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The Heath Anthology of American Literature, Fifth Edition
Paul Lauter, General Editor

Washington Irving
(1783-1859)


A merchant’s son, born and raised in New York City, Washington Irving was writing satirical pieces for a local newspaper before he was twenty. It was not until he was thirty-seven, however, that he established himself as a professional author. The cheap importation and reproduction of English books made literature a precarious occupation in the United States at the beginning of the nineteenth century. Moreover American commercial society tended to equate art with idleness. For years Irving halfheartedly pursued a career in law and business, while stealing as much time from work as possible for his writing. Only in 1818, with the bankruptcy of his brothers’ importing firm, on which he depended financially, did he risk authorship for a living. Two years later, however, the remarkable popularity of The Sketch Book made him a marketable commodity in both England and America, and his future as the nation’s first successful professional writer was guaranteed.

In his youth, while essentially an amateur in literature, he wrote an abundance of broad, often irreverent burlesque humor, parody, and satire primarily to amuse a local New York audience. The comic periodical Salmagundi, on which he collaborated with his brother William and James Kirke Paulding, and the facetious History of New York, ostensibly written by the eccentric and highly unreliable antiquarian, Diedrich Knickerbocker, mocked literary conventions and simultaneously made fun of bourgeois manners, provincial high culture, American chauvinism, and republican politics—particularly Jefferson’s.

From 1815 to 1832 Irving lived and traveled widely in England and on the European continent. Now much of his work shaped itself as a consciously American response to Old World culture. Seeking a large international audience, he became primarily a writer of short fiction and personalized sketches and essays. Burlesque satire gave way to a gentler, more subtle humor, and he developed the more ingratiating prose style for which he became famous. His persona Geoffrey Crayon, a shy, ironic, at times melancholy American bachelor writer traveling in Europe—a fictionalized version of Irving himself—gave a degree of thematic and tonal unity to his miscellanies, The Sketch Book, Bracebridge Hall, Tales of a Traveller, and The Alhambra. In addition Crayon helped dramatize the author’s ambivalent feelings toward both European aristocracy and American democracy.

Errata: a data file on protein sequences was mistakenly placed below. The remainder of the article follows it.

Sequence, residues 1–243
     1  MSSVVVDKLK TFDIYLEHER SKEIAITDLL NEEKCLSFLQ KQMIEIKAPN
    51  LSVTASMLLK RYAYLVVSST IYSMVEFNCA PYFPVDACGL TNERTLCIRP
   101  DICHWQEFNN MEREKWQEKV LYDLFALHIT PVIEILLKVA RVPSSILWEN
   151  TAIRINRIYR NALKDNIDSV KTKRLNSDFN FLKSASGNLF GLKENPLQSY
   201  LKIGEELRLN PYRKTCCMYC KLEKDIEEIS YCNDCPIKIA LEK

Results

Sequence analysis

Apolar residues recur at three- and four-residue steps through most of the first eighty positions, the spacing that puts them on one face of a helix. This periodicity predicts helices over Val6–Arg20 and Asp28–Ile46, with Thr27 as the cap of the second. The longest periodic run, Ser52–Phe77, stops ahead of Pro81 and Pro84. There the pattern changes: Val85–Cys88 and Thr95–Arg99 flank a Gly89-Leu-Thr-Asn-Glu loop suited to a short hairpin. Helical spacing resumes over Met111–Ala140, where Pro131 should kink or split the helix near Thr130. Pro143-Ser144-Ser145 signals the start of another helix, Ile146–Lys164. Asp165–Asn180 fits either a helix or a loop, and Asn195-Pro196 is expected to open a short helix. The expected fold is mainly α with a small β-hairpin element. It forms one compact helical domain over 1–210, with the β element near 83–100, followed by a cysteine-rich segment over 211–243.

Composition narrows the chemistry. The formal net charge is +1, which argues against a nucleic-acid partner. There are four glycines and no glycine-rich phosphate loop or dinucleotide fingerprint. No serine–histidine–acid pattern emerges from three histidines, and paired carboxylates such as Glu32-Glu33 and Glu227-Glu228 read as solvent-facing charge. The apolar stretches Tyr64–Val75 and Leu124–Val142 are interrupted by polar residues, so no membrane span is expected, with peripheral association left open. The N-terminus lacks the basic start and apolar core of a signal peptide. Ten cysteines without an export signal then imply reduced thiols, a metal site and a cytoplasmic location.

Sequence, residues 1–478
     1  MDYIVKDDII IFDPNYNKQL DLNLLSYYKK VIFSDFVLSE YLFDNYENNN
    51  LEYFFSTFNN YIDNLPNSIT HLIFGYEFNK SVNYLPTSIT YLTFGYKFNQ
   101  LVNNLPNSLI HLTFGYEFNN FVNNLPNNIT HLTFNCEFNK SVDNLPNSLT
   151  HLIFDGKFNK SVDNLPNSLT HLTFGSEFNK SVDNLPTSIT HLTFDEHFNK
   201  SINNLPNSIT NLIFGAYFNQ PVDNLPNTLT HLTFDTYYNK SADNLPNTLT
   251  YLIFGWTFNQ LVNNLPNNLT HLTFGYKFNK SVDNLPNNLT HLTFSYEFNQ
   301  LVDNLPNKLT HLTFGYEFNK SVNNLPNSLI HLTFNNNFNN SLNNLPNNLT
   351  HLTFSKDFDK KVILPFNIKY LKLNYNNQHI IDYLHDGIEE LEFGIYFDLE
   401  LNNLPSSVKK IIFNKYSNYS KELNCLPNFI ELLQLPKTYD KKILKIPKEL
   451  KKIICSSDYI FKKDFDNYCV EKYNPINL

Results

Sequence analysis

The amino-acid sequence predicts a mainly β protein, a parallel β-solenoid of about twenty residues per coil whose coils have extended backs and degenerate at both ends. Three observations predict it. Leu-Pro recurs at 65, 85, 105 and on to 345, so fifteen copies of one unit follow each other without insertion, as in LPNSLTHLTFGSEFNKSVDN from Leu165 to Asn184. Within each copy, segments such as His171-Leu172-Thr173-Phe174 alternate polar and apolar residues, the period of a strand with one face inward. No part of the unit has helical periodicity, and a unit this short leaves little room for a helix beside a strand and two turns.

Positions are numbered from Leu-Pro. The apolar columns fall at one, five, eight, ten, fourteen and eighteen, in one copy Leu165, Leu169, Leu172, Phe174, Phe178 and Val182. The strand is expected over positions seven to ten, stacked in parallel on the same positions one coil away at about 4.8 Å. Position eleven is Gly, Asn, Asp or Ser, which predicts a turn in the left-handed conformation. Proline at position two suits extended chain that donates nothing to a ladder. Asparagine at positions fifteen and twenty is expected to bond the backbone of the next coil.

Irving had grown up in a transitional America, a nation culturally unsure of itself and deeply divided as to how democratic it should become. He is often dismissed as a political reactionary, a would-be aristocrat in a democratic society. Such a view, however, overlooks complexities, if not contradictions, in his work. For him issues were seldom clear-cut, and he was prone to exploit his uncertainties. A mild (if not rampant) self-mockery is inherent in much of his satire and fiction.